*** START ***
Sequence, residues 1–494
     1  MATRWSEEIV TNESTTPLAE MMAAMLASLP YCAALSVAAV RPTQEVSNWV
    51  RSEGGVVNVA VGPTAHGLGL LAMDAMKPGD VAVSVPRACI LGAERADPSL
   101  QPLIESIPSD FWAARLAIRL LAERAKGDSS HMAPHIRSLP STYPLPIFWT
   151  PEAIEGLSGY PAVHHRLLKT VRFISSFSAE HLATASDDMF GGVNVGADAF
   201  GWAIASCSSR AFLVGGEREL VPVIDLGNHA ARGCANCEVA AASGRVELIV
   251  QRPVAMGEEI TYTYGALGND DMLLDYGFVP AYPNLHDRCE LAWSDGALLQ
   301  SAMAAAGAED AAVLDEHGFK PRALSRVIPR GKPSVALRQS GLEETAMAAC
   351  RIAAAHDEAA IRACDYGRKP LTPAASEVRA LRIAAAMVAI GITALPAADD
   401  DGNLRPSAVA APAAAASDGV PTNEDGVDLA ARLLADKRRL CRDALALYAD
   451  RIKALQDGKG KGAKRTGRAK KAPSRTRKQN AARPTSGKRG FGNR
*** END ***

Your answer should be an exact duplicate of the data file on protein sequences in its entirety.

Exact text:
Sequence, residues 1–494
     1  MATRWSEEIV TNESTTPLAE MMAAMLASLP YCAALSVAAV RPTQEVSNWV
    51  RSEGGVVNVA VGPTAHGLGL LAMDAMKPGD VAVSVPRACI LGAERADPSL
   101  QPLIESIPSD FWAARLAIRL LAERAKGDSS HMAPHIRSLP STYPLPIFWT
   151  PEAIEGLSGY PAVHHRLLKT VRFISSFSAE HLATASDDMF GGVNVGADAF
   201  GWAIASCSSR AFLVGGEREL VPVIDLGNHA ARGCANCEVA AASGRVELIV
   251  QRPVAMGEEI TYTYGALGND DMLLDYGFVP AYPNLHDRCE LAWSDGALLQ
   301  SAMAAAGAED AAVLDEHGFK PRALSRVIPR GKPSVALRQS GLEETAMAAC
   351  RIAAAHDEAA IRACDYGRKP LTPAASEVRA LRIAAAMVAI GITALPAADD
   401  DGNLRPSAVA APAAAASDGV PTNEDGVDLA ARLLADKRRL CRDALALYAD
   451  RIKALQDGKG KGAKRTGRAK KAPSRTRKQN AARPTSGKRG FGNR